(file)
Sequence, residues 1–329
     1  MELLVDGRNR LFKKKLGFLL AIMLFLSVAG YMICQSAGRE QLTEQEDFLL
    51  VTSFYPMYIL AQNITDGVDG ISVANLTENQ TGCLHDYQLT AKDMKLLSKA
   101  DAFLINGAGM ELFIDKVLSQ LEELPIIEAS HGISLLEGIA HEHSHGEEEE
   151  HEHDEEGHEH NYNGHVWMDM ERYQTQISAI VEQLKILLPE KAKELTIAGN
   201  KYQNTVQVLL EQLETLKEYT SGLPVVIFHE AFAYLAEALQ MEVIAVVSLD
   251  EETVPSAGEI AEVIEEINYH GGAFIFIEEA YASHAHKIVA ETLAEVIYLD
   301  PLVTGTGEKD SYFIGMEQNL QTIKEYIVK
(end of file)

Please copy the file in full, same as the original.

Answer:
Sequence, residues 1–329
     1  MELLVDGRNR LFKKKLGFLL AIMLFLSVAG YMICQSAGRE QLTEQEDFLL
    51  VTSFYPMYIL AQNITDGVDG ISVANLTENQ TGCLHDYQLT AKDMKLLSKA
   101  DAFLINGAGM ELFIDKVLSQ LEELPIIEAS HGISLLEGIA HEHSHGEEEE
   151  HEHDEEGHEH NYNGHVWMDM ERYQTQISAI VEQLKILLPE KAKELTIAGN
   201  KYQNTVQVLL EQLETLKEYT SGLPVVIFHE AFAYLAEALQ MEVIAVVSLD
   251  EETVPSAGEI AEVIEEINYH GGAFIFIEEA YASHAHKIVA ETLAEVIYLD
   301  PLVTGTGEKD SYFIGMEQNL QTIKEYIVK